Gas imports not to turn cheaper in medium term, show GAILs new deals

Written by Siddhartha P Saikia | New Delhi | Updated: Apr 7 2014, 06:18am hrs
GasCome 2017, GAIL would start getting 4.8 million tonnes of LNG from the US. Reuters
Amid the imbroglio over whether, when and how Indias domestic gas price would be revised and with state-run and private investors increasingly anxious over prices turning ever more unremunerative, medium-term prospects of imported gas prices bring little relief either.

While consumers pay an average of $12-16 per million metric British thermal units (mmBtu) for liquefied natural gas (LNG) imported into the country right now, the new long-term contracts sealed by public-sector GAIL (India) from the US and Russia would make gas available in India at not less than $12-13.50/mmBtu, starting 2017.

Analysts said the scenario calls for the new government at the Centre to accord high priority to resolve the row over the formula for gas pricing in order to spur investments in Indias deep-water and ultra-deep-water acreages, from which investors are shying away. The viability of the gas business in India hinges not only on market-determined price for gas but also on how free power and fertiliser units are in pricing their outputs, they added.

Currently, of the 100-105 million standard cubic metres (mmscmd) of gas consumed by India daily, 70-75% comes from domestic sources and the rest is imported LNG. With domestic output stagnating and demand projected to surge (the BP Energy Outlook report said Indias gas demand would be 183% higher than now by 2035), the country will inevitably rely more on gas imports.

If the the rising oil imports are added to that, the countrys energy sector and government finances looks increasingly vulnerable to external developments. (Till February 2013-14, Indias oil imports bill stood at $133 billion compared with $144 billion in the whole of 2012-13.) There are, of course, some positives like the Oil and Natural Gas Corporations plans to double output of both oil and gas by 2030 (including ONGC Videshs production from overseas ventures) and the prospect of cheaper Canadian crude from its Alberta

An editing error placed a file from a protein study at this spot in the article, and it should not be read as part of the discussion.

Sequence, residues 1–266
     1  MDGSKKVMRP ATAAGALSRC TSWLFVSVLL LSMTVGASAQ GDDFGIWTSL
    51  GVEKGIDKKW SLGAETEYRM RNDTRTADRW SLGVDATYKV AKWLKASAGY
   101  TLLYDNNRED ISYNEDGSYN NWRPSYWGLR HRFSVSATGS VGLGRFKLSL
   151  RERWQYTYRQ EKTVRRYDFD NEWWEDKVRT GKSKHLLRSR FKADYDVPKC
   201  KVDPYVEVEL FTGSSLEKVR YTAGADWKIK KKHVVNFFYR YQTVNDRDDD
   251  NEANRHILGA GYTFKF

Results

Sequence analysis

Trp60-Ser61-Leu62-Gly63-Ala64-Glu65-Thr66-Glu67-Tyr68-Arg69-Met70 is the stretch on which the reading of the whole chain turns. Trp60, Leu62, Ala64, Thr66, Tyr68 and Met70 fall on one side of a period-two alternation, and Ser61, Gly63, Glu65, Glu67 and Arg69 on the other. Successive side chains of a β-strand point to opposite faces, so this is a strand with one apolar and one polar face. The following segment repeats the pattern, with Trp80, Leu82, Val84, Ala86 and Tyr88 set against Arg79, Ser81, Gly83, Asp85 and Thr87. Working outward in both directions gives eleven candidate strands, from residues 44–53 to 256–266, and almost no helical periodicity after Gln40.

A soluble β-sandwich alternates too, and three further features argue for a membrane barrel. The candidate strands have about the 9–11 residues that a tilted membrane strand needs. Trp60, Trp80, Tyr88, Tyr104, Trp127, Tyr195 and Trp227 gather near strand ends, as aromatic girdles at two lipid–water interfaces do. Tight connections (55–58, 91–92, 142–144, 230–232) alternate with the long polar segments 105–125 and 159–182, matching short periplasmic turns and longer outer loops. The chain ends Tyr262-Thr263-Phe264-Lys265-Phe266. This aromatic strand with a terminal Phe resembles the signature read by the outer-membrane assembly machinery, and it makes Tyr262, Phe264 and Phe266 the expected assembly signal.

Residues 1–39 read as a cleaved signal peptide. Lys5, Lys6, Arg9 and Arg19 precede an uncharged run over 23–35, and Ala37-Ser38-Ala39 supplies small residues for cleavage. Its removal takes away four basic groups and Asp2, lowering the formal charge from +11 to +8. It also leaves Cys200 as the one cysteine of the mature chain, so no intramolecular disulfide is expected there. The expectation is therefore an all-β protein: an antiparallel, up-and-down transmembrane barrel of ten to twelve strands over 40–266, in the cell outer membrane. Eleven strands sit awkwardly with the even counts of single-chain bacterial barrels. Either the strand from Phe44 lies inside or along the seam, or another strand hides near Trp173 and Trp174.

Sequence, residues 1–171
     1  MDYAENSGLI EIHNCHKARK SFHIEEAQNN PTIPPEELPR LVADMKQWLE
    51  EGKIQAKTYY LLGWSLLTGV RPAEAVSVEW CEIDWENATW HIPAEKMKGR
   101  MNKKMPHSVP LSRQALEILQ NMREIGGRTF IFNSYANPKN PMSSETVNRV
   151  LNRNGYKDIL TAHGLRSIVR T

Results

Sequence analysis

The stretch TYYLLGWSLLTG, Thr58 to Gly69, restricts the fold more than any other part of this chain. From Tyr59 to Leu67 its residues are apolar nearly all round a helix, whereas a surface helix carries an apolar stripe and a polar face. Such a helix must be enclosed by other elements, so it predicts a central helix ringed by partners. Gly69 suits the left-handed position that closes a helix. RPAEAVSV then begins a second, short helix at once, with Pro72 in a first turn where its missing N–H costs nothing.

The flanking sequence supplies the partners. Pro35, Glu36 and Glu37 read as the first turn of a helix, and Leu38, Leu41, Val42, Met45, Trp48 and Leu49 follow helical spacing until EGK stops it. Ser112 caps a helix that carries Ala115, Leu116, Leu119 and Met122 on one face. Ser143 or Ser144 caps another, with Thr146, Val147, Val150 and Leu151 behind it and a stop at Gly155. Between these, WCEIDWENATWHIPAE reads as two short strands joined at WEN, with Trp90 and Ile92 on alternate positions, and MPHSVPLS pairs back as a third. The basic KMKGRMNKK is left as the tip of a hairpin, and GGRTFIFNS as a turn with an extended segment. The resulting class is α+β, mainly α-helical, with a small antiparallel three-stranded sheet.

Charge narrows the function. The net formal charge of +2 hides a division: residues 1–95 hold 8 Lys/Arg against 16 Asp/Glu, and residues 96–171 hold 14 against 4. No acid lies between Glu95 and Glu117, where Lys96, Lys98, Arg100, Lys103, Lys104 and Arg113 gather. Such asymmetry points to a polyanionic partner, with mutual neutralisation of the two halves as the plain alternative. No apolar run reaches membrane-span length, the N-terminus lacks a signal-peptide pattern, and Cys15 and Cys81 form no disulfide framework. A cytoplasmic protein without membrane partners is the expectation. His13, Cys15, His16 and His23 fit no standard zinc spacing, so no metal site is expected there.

oil sands bounty reaching Indian shores in large quantities four years from now.

Come 2017, GAIL would start getting 4.8 million tonnes of LNG from the US. Another 2.5 million tonnes a year would start flowing from Russia by 2020. Currently, GAIL is sourcing gas from Gas Natural Fenosa and GDF Suez at prices hovering around $14/mmBtu.

The price of gas to be exported from the US would be linked to Henry Hub prices, which currently is at around $4-$4.50/mmBtu. The landed price of this gas is expected to be around $11-12/mmBtu. Customers would have to pay an additional 50-60 cents for regassification charges, 50 cents for marketing margins and other levies that differ from one state to another, taking the end-user price in India to about $13-13.50/mmBtu.

According to GAIL, the price at which it would source gas from overseas three years from now would be competitive because the domestic price too is heading northwards. Moreover, there is no certainty about supply from domestic fields such as the Reliance Industries-operated KG-D6 block or even ONGCs new finds.

Currently, there is a wide gap between the price of indigenously produced and imported gas. But if the Rangarajan formula approved by the Cabinet is implemented, the gap would be bridged to an extent. The Cabinet-approved gas pricing regime has been put in abeyance due to an Election Commission diktat and, last week, the Supreme court asked the government to explain why it needed to use the complex Rangarajan formula when it could have adopted simpler alternative methods like cost-plus pricing.

The power and fertiliser companies do not prefer LNG because their end-product price is capped. But there are small and mid-sized industries such as cement, steel, glass making, refineries and petrochemicals, among others, that are willing to buy LNG, as there is no clarity in availability of domestic gas. We called for expression of interests from customers and the response is very good. We are in the process of signing memoranda of understanding with some of them, said a senior official at GAIL, requesting anonymity.

India is expected to witness a significant surge in LNG usage in the next five years, said a recent KPMG study. The global consulting firm envisaged that Indias LNG demand would increase from 12.5 million tonnes a year in 2010 to around 35 million tonnes per annum in 2020. There are significant opportunities in gas transmission given that the government is targeting to expand the city gas network to cover 250 cities by 2020.

Currently, gas produced from domestic fields costs $4.20-$5.70/mmBtu, under the administered price regime. On the other hand, spot prices hover at $15-17/mmBtu, and long-term contracts at $11-12/mmBtu. The end consumer pays another $2-3/mmBtu for regassification (in the case of LNG) transmission, marketing margin and other state government levies.

GAIL is at an advanced stages to tie up gas to the tune of 2.3 million tonnes a year, which would be exported from the Cove Point LNG liquefaction terminal in the US. The government-owned company is also contemplating if a pipeline needs to be built in the US to ferry gas to the LNG terminal located at Lusby in the state of Maryland.

We have almost finalised the gas deals. We need 3.6 mmscmd for the Cove Point terminal, another senior official of the company told FE. He said that the company is looking at various options in the US, including construction of a pipeline.